A photographer traveled to tsunami-ravaged Japan. She asked the people she met about nuclear power.
Michelle Magdalena Maddox stepped off a train in the Japanese coastal town of Ishinomaki, and took a giant leap of faith.
The photographer carried only an umbrella and her camera bag, loaded with a Canon 5D digital camera, a medium-format Hasselblad, rolls of film, a light meter and a change of underwear. After a quick bowl of ramen at the train station, she set out to find locals to answer a single question a friend had helped her craft in Japanese and write on a card:
“How do you feel about nuclear energy?”
It’s a question Magdalena (as she prefers to be known professionally in her hometown of Pacific Grove) hadn’t given a lot of thought to before her trip to Japan. Known for her stark black-and-white portraits and lush nature-based nudes, Magdalena’s previous environmental subjects had focused more on individuality—how driving habits leave a carbon footprint, how takeout food packaging impacts the ocean.
Nature’s wrath became humanity’s disaster, when a 9.0-magnitude earthquake struck off Japan’s Pacific coast on March 11; the tremor was ranked one of the five most powerful earthquakes in the world since 1900. The tsunami it triggered sent wave after wave of unrelenting water surging over land, destroying everything in its path. Then, the nightmare got worse: After the earthquake knocked out the electrical lines supplying the Fukushima Daiichi nuclear power plant, the tsunami waves flooded its backup generators and three nuclear reactors suffered full meltdowns, releasing cancerous plumes of radiation into the atmosphere and ocean—a Level 7 accident on the International Nuclear and Radiological Event Scale, matched in severity only by 1986’s Chernobyl. Level 7, the highest rating, indicates a major release of radioactive materials, with widespread environmental and health impacts.
In April, Magdalena’s friend invited her to Tokyo to shoot a theatrical production. That Magdalena might take up the offer was never a question. That she might add to her journey and photograph the disaster zone from June 22 to July 4, scared some of her family and friends.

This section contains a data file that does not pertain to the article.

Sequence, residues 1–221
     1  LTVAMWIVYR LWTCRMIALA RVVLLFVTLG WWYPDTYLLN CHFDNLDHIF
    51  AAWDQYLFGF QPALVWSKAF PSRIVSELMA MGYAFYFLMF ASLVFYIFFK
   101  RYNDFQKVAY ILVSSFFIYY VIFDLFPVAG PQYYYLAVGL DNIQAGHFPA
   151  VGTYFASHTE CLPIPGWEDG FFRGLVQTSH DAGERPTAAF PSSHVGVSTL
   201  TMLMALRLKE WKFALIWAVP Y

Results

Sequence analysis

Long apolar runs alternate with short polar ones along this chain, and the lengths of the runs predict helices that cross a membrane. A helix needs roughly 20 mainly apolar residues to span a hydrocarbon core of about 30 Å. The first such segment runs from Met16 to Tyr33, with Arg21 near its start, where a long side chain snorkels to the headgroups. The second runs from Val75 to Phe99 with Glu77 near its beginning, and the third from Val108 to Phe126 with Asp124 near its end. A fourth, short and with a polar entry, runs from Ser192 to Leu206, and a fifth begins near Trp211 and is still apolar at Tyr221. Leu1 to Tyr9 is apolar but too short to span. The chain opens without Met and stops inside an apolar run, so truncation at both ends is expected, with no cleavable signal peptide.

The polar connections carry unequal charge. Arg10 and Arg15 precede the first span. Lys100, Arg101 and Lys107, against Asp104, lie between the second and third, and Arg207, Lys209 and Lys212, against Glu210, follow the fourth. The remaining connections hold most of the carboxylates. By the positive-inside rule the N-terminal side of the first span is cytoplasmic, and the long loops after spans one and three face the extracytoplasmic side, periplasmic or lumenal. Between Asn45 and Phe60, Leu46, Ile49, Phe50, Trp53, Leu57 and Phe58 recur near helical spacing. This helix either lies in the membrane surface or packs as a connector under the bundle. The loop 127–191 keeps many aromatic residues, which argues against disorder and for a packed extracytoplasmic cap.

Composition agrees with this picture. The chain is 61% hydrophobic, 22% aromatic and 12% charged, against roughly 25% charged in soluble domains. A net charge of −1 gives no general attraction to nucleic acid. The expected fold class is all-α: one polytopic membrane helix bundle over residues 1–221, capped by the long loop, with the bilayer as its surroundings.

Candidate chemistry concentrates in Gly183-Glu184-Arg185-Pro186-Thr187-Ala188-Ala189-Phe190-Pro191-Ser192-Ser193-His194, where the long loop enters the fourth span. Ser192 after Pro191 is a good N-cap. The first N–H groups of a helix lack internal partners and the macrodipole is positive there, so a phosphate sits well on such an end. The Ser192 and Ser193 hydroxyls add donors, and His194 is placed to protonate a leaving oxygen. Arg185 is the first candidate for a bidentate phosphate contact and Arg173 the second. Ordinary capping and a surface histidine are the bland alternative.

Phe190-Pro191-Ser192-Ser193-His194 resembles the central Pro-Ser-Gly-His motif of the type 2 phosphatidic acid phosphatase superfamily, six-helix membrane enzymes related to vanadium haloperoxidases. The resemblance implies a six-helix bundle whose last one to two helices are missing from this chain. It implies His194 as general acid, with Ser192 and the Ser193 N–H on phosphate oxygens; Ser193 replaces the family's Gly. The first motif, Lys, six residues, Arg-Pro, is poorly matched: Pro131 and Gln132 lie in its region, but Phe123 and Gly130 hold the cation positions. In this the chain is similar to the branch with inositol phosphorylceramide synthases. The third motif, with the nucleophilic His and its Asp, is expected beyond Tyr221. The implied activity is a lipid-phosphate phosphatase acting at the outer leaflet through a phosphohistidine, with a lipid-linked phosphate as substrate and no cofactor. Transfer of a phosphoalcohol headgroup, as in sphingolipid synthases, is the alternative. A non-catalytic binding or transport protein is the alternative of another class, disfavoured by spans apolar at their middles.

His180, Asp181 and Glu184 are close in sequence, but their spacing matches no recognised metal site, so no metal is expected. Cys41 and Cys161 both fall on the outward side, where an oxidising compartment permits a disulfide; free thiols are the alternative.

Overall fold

“I don’t know if you want to call it courageous or dumb,” Magdalena says. “Everyone here was very nervous for me. ‘We’re getting radiation over here; what the heck are you doing, thinking of going over there?’”
But when she sat down and watched videos of the disaster, she came to realize that beauty exists in even the most dire circumstances.
“I believe the better parts of humanity come out in times of crisis, when materialism falls through your fingers,” she says.
Magdalena decided to focus on Ishinomaki, about 80 miles from Fukushima, a coastal town that had been all but washed away by the tsunami’s waves. The sign she carried stated that she didn’t speak Japanese, but she wanted to gather people’s opinions of nuclear energy and take their portraits.
She depended, she says, on the kindness of strangers, and the strangers she found were very kind, indeed. One helped her carry her equipment off the plane in Tokyo. Another family helped her carry it to the train. A high-school football trainer in Miyagi took her to the government building to see if she could get hooked in to any volunteer groups closer to the disaster zone. And at a small prayer site overlooking the devastation, she met an English-speaking elementary-school principal who was visiting from several hours away. Most locals, she says, were staying in nearby hotels, returning sporadically to salvage their belongings and reconstruct their homes.
The principal took her to see Ishinomaki’s own destroyed elementary school. Then they headed for a nearby Buddhist temple, where the tsunami had washed over the adjacent cemetery, toppled gravestones and carried bodies away.
As they stood there in contemplation, streams of light broke through the clouds, and the principal said to her: “I don’t know how it is in your religion, but here we would say, ‘This is a time to pray.’”